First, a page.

Finally, Allen does a nice job explaining Benedict’s views on the importance of New Movements, and how it fits in with his previous statements on Christianity as a "creative minority" In making this reference, the pope had in mind not so much specific groups such as Communion and Liberation or the Focolare, which meet the…

Allen summarizes the controversy this week over the Pope’s words at Auschwitz-Birkenau: From a communications point of view, the pope’s Achille’s heel is that by refusing to satisfy prevailing expectations, Benedict can sometimes send the wrong signal to people who, quite naturally, interpret his words and deeds through the prism of those expectations. Thus by…

From John Allen’s interview, linked below: You’ve seen the recent letter from Cardinal Francis Arinze to Bishop William Skylstad in the United States. What do you make of it? It’s just stating what the situation is. It’s sometimes useful to be reminded of the basic verities. Those would be fidelity to the principles of Liturgiam…

John Allen’s Word From Rome: The Pope on Islam: Popes only rarely lead by decree. Far more often, their example is decisive, pointing a new direction by what they do and say. Such has been the case under Benedict XVI on Islam. There’s been no Vatican edict, but everyone recognizes something has changed. It’s not…


Amy Welborn

Amy Welborn was born in 1960, the only child of a now-retired professor of political science, a teacher-librarian-artist mother,deceased since 2001, was a teacher, librarian and artist. The Catholicism comes from her side.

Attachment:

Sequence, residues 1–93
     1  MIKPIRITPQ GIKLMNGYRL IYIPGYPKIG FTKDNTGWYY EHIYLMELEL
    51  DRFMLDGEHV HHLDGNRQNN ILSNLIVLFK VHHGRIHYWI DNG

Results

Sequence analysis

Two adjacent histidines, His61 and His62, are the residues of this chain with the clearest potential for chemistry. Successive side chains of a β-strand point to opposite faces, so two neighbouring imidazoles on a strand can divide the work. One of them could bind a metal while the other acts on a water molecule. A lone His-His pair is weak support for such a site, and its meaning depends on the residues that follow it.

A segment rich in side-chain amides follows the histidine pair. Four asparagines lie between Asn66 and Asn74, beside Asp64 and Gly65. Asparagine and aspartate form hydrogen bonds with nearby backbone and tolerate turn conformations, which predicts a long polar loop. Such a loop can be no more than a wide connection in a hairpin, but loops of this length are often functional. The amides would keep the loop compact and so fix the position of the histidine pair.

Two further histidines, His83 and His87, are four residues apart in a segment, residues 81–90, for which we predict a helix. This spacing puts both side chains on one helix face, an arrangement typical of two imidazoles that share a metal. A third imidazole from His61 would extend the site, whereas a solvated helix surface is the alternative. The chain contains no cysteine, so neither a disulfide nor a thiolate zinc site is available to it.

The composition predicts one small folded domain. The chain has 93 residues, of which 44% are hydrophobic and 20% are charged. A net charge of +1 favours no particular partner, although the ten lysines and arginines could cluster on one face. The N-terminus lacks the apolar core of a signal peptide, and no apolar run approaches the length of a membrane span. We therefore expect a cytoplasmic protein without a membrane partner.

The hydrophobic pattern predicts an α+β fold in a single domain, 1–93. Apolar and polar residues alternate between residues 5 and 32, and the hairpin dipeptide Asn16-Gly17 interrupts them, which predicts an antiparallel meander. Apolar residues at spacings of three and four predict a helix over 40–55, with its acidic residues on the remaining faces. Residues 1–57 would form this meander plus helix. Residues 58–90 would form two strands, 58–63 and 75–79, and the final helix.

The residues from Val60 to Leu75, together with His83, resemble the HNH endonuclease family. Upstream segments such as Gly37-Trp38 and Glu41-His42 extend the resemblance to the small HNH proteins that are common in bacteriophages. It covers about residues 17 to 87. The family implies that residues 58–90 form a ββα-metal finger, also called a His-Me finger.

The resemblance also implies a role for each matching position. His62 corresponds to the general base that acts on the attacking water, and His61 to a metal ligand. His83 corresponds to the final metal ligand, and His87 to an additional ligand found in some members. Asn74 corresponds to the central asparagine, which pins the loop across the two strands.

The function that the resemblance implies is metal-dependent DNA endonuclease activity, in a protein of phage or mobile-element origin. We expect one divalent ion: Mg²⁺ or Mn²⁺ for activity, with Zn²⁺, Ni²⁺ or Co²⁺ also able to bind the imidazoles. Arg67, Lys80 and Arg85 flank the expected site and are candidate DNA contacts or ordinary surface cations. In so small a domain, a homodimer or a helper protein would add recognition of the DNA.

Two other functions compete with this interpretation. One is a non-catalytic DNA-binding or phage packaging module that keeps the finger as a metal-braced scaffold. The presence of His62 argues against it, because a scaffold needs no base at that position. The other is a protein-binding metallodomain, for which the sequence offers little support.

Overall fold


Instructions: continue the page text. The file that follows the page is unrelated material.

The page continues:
Amy grew up in a number of places - Indiana - Washington, DC - Lubbock Texas - Arlington, Virginia - DeKalb, Illinois - Lawrence, Kansas - and Knoxville, Tennessee, where the family settled in 1973. She attended Knoxville Catholic High School, then the University of Tennessee where she majored in history. She received an MA in Church History from Vanderbilt University, where she wrote a thesis on the changing role of women in 19th century American Protestantism, and the ways Scripture was used to justify those changes.

She worked as as a teacher in Catholic high schools and a Parish Director of Religious Education and started writing for the diocesan press - the Florida Catholic - in 1988. Amy has written columns for Our Sunday Visitor and Catholic News Service at times over the past twenty years. Her articles have been published in venues ranging from Our Sunday Visitor to the New York Times to Commonweal. She has written 17 books. 18, if you included the as yet tragically unpublished novel.

Amy has five children, ranging in age from 26 to 4 and was married to Michael Dubruiel, who died unexpectedly in February 2009. She lives in Birmingham, Alabama.

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